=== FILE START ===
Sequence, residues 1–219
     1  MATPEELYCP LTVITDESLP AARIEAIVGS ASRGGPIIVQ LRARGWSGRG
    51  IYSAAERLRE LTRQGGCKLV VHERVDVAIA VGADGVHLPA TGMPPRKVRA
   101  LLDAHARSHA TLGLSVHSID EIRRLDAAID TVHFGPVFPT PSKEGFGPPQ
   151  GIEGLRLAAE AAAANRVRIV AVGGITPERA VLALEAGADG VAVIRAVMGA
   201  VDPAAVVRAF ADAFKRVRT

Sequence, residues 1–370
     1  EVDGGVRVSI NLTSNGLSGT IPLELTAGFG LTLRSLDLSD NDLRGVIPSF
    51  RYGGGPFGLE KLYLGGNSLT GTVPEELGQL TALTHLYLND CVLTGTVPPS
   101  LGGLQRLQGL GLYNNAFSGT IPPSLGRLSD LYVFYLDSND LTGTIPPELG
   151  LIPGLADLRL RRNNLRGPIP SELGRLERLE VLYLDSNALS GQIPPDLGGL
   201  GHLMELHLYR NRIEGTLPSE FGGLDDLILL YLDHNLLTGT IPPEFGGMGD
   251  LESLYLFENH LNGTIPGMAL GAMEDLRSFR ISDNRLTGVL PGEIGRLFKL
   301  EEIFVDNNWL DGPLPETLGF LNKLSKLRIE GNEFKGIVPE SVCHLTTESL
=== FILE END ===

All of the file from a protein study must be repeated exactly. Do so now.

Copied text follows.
Sequence, residues 1–219
     1  MATPEELYCP LTVITDESLP AARIEAIVGS ASRGGPIIVQ LRARGWSGRG
    51  IYSAAERLRE LTRQGGCKLV VHERVDVAIA VGADGVHLPA TGMPPRKVRA
   101  LLDAHARSHA TLGLSVHSID EIRRLDAAID TVHFGPVFPT PSKEGFGPPQ
   151  GIEGLRLAAE AAAANRVRIV AVGGITPERA VLALEAGADG VAVIRAVMGA
   201  VDPAAVVRAF ADAFKRVRT

Sequence, residues 1–370
     1  EVDGGVRVSI NLTSNGLSGT IPLELTAGFG LTLRSLDLSD NDLRGVIPSF
    51  RYGGGPFGLE KLYLGGNSLT GTVPEELGQL TALTHLYLND CVLTGTVPPS
   101  LGGLQRLQGL GLYNNAFSGT IPPSLGRLSD LYVFYLDSND LTGTIPPELG
   151  LIPGLADLRL RRNNLRGPIP SELGRLERLE VLYLDSNALS GQIPPDLGGL
   201  GHLMELHLYR NRIEGTLPSE FGGLDDLILL YLDHNLLTGT IPPEFGGMGD
   251  LESLYLFENH LNGTIPGMAL GAMEDLRSFR ISDNRLTGVL PGEIGRLFKL
   301  EEIFVDNNWL DGPLPETLGF LNKLSKLRIE GNEFKGIVPE SVCHLTTESL